Student working conditions

Guidelines on working conditions for first- and second-cycle students at Uppsala University as of 1 December 2020.

All students at Uppsala University must be provided with a good study environment and a structured study situation that is appropriate for the level and nature of their studies. Full-time study normally involves an average commitment of 40 hours of work per week.

Uppsala University is committed to a working culture characterised by mutual respect and trust. Everyone at the University has a shared interest in and responsibility for a good study environment. These guidelines have been produced to clarify certain aspects of students’ working conditions. The guidelines have been approved by the Vice-Chancellor and are a binding document.

2.1 Students have a right to a good physical and psychosocial work environment. Responsibility for the work environment lies with the heads of department. At the University Library, responsibility for the work environment lies with the head librarian. All students and employees also have an individual and a joint responsibility to contribute to a good work environment characterised by mutual respect.

2.2 Timetabled teaching must include regular breaks.

2.3 Students with disabilities have a right to special support. At the beginning of a course or programme, students must be informed who their contact for students with disabilities is. A student with a disability is personally responsible for contacting the coordinator for students with disabilities at the Student Affairs and Academic Registry Division to obtain access to the special support to which they are entitled.

2.4 Each department must also be prepared to provide students who are temporarily sick-listed or are caring for sick children, for example, with individually tailored solutions regarding examinations and compulsory course components, where this is possible.

3.1 Under the Higher Education Act, the students are entitled to representation when decisions or preparations are made that have bearing on their courses or programmes or the situation of students. The students themselves select their representatives via the students’ unions or via bodies appointed by the students’ unions.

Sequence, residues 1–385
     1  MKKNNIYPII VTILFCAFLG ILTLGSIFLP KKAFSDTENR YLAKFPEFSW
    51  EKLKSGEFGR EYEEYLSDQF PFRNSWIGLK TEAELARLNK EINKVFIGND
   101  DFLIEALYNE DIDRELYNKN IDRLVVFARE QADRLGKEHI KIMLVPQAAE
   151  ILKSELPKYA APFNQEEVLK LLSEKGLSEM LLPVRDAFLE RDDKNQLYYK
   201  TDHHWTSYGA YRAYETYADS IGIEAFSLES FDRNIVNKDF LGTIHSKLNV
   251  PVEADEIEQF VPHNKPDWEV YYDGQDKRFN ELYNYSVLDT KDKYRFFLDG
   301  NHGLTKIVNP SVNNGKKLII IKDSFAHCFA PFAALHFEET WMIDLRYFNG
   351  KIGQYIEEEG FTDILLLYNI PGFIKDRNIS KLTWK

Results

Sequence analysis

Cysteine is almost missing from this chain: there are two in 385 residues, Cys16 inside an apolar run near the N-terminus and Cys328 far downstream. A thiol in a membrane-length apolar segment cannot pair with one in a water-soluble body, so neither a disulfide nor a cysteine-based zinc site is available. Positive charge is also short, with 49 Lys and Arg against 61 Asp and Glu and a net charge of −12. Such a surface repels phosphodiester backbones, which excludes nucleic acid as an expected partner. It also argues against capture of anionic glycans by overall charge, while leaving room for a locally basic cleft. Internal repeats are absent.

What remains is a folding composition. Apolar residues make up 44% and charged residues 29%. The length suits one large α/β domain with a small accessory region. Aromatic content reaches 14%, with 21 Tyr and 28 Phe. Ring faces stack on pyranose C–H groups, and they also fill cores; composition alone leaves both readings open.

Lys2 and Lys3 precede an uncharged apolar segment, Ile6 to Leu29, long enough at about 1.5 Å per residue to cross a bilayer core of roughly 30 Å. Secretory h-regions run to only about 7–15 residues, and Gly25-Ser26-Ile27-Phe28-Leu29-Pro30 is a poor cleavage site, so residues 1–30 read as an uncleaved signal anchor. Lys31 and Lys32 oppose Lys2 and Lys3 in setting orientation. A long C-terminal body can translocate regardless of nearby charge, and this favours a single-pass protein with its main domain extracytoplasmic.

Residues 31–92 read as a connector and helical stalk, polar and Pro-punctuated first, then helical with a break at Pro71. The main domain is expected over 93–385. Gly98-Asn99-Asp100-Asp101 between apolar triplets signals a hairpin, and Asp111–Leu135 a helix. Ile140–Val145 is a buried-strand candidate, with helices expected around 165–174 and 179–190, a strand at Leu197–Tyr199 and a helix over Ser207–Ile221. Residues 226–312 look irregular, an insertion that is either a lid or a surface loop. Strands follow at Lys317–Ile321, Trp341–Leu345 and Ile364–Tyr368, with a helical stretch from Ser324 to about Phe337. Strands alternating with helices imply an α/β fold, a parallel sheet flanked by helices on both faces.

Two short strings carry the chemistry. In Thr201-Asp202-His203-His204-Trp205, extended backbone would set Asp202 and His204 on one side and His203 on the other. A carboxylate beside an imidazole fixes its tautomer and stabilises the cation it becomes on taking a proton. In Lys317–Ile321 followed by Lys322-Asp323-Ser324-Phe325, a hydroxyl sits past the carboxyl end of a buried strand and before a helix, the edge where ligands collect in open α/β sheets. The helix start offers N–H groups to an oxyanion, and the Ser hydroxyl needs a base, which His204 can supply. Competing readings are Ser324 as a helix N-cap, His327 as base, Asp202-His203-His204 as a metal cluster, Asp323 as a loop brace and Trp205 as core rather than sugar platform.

3.2 To enable them to participate in meetings of various university bodies, elected student representatives must be given the opportunity to take compulsory course components at another time, or to make up for them in another acceptable manner, where this is practically and economically feasible.

3.3 Course evaluations must be carried out every time a course is given, in accordance with university guidelines.

4.1 Timetabled teaching and independent study time must be planned to make up normal 40-hour working weeks or a corresponding number of hours for less than full-time study.

4.2 Unless otherwise indicated at the time of registration, both compulsory teaching sessions and examinations should be held on Monday to Friday between 08:00 and 17:00 (08:00–19:00 for examinations in examination halls). Special reasons may require examinations at other times, for example, in the case of retakes. Placements may also take place on evenings and weekends; this must be stated in the course syllabus.

4.3 The disciplinary domain/faculty board concerned is responsible for ensuring good coordination between the courses in its degree programmes.

4.4 Syllabuses for programmes and courses must be in place well ahead of the deadline for applications.

4.5 A broad timetable of compulsory teaching sessions, examinations and retakes, as well as a reading list, must be in place at least five weeks before a course starts. A finalised timetable must be available at least one week before the course starts. In those parts of the University that divide the academic year into periods, a finalised timetable must be available at least one week before a new period starts.

4.6 A timetable may only be modified in the case of unforeseen events. The students must be promptly informed of changes.

4.7 Compulsory course components must be based on the intended learning outcomes for the course. A compulsory component must either be part of the examination process for the course or be of such a nature that the students have to participate actively in order to learn effectively.

5.1 Students are personally responsible for obtaining relevant information about courses and programmes.